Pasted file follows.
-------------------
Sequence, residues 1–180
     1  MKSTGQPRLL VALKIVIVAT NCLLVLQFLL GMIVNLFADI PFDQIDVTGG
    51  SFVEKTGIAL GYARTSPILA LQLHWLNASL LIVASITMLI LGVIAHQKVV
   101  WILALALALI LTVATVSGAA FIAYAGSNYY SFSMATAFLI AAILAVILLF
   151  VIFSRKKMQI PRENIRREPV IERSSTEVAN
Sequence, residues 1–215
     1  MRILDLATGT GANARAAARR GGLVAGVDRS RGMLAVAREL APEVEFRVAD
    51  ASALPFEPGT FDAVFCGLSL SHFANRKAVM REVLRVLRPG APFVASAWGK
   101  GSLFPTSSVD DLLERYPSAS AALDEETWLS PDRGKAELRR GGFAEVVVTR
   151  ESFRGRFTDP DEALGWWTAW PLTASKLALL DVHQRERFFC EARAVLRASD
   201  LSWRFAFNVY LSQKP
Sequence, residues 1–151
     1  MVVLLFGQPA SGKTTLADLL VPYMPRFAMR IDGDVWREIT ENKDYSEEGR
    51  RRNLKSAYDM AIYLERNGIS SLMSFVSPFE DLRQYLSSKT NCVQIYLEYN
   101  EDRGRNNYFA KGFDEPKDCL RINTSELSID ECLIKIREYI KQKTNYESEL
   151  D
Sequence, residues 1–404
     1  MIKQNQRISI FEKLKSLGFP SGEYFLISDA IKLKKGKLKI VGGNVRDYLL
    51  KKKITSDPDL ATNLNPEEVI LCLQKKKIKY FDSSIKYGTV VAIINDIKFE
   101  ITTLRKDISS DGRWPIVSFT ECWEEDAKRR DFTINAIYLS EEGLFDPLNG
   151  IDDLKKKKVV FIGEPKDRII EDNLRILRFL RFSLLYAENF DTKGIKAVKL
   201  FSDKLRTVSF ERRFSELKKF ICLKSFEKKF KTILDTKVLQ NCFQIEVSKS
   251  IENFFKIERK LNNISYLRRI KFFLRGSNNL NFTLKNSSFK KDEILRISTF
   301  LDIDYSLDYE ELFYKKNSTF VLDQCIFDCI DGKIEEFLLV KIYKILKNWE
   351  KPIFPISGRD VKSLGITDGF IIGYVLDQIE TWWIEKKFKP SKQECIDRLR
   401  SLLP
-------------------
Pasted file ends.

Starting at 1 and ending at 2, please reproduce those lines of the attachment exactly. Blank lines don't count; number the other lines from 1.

Sequence, residues 1–180
     1  MKSTGQPRLL VALKIVIVAT NCLLVLQFLL GMIVNLFADI PFDQIDVTGG